Abstract P310: Effect of Static Stretching Exercise on Aortic Pulse Wave Velocity
Introduction: Large-artery stiffness (i.e., aortic stiffness) is an independent predictor of hypertension which is a leading cause of excess cardiovascular morbidity and mortality. Carotid-femoral pulse wave velocity (cf-PWV) is considered the ‘gold-standard’ measure of arterial stiffness because it measures along the aorto-iliac pathway, which buffers blood pressure (BP) the most. While there is well-documented evidence on the health benefits of aerobic and resistance exercise, the information for the effect of stretching on aortic stiffness is limited. Previous studies have shown that arterial stiffness is associated with trunk flexibility. Stretching exercise targeted to improve flexibility may exert a beneficial effect on reducing aortic stiffness.
Objectives: This study aimed to examine effects of a single bout of a structured static stretching exercise on aortic stiffness as well as trunk flexibility, blood pressure (BP), and heart rate (HR).
Method: This study has a pretest-postest design without a control group. Thirty healthy women from the community were instructed to follow a video demonstration of a structured whole-body static stretching lasting 30 minutes. Each stretching was designed to improve range of motion and enhance flexibility in 10 body areas, and all stretching motions were performed in the sitting position. Aortic stiffness was measured by cf-PWV using the SphygmoCor system (AtCor medical, AU). Trunk Flexibility was measured by the sit and reach method. BP and HR were measured using the WelchAllyn Monitor (WelchAllyn, USA).
Results: After stretching exercise, cf-PWV (m/s) was significantly reduced (M=6.93, SD=1.54 vs M=6.29, SD=1.17; t(29)=2.708, p =.011). In addition, HR (bpm) was significantly decreased (M=64.88, SD=6.29 vs M=61.77, SD=6.29; t(29) = 7.170, p=.000). A significant increase of lumbar flexibility (inches) was also detected (M=13.37, SD=4.3 vs M=16.45, SD=4.79; t(29) = 12.248, p=.000). Systolic BP and diastolic BP (mmHg) were decreased after stretching exercise from M=107.87 (SD 10.75) to M=106.82 (SD 12.48), from M=63.37 (SD 6.71) to M=61.88 (SD 6.47), respectively; however, the differences did not reach the statistical significance.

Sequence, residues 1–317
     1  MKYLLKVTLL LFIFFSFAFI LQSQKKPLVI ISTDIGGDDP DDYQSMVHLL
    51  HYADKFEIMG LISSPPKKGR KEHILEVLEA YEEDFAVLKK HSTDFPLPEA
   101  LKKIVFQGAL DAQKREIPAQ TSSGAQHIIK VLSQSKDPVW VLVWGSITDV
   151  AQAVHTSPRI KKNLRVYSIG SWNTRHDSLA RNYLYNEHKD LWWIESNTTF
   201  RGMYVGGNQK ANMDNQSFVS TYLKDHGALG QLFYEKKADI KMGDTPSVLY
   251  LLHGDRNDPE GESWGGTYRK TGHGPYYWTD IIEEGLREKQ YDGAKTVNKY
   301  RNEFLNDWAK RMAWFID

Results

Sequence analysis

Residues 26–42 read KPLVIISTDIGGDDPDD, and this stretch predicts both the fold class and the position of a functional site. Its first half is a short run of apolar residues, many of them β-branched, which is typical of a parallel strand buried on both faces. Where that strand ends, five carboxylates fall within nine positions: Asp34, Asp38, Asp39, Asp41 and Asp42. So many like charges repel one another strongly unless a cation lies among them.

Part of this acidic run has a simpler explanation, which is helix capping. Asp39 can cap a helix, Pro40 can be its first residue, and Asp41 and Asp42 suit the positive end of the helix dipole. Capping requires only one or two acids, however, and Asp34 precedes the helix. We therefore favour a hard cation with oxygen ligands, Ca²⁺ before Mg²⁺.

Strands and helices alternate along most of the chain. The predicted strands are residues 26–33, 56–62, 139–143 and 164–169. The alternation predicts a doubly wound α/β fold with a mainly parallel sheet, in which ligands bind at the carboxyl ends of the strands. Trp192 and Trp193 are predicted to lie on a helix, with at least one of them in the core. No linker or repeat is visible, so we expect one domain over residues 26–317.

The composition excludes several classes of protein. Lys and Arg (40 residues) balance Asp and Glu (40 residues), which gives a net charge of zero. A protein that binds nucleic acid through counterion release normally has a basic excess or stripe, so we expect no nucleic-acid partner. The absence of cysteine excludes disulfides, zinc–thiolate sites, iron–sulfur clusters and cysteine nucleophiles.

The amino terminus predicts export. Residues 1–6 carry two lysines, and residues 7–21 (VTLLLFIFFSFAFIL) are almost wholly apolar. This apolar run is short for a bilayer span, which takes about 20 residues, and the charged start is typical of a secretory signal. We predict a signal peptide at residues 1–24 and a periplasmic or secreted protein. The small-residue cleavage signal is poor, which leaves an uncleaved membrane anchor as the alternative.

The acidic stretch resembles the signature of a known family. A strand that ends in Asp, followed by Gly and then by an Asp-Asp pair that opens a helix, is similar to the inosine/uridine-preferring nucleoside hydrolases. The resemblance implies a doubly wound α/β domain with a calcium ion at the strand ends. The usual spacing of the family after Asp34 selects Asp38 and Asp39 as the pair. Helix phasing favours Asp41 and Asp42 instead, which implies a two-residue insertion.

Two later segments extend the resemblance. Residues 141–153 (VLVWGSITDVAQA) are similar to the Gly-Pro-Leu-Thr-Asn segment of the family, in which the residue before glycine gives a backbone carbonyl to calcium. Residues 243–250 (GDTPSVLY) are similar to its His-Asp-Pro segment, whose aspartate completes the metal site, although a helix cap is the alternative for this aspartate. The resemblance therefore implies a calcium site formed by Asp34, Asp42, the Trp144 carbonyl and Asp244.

Conclusions: Findings of the current study highlight the potential benefit of static stretching exercise on aortic stiffness independent of BP. The results also demonstrate that HR was significantly decreased after the stretching exercise. Given no sign of over-activity of sympathetic function, a structured static stretching exercise may be prescribed as an effective intervention to reduce aortic stiffness for the people with high risk of cardiac events. In addition, stretching motions that were conducted in the sitting position can be cautiously utilized as an effective intervention for stroke patients, post-surgery patients, and people who have unsteady walking.
Author Disclosures: J.G. Logan: C. Other Research Support; Modest; Oscar and Ruth Lanford Research Award, University of Virginia School of Nursing. S. Kim: None. M. Lee: None. S. Yeo: None.
- © 2017 by American Heart Association, Inc.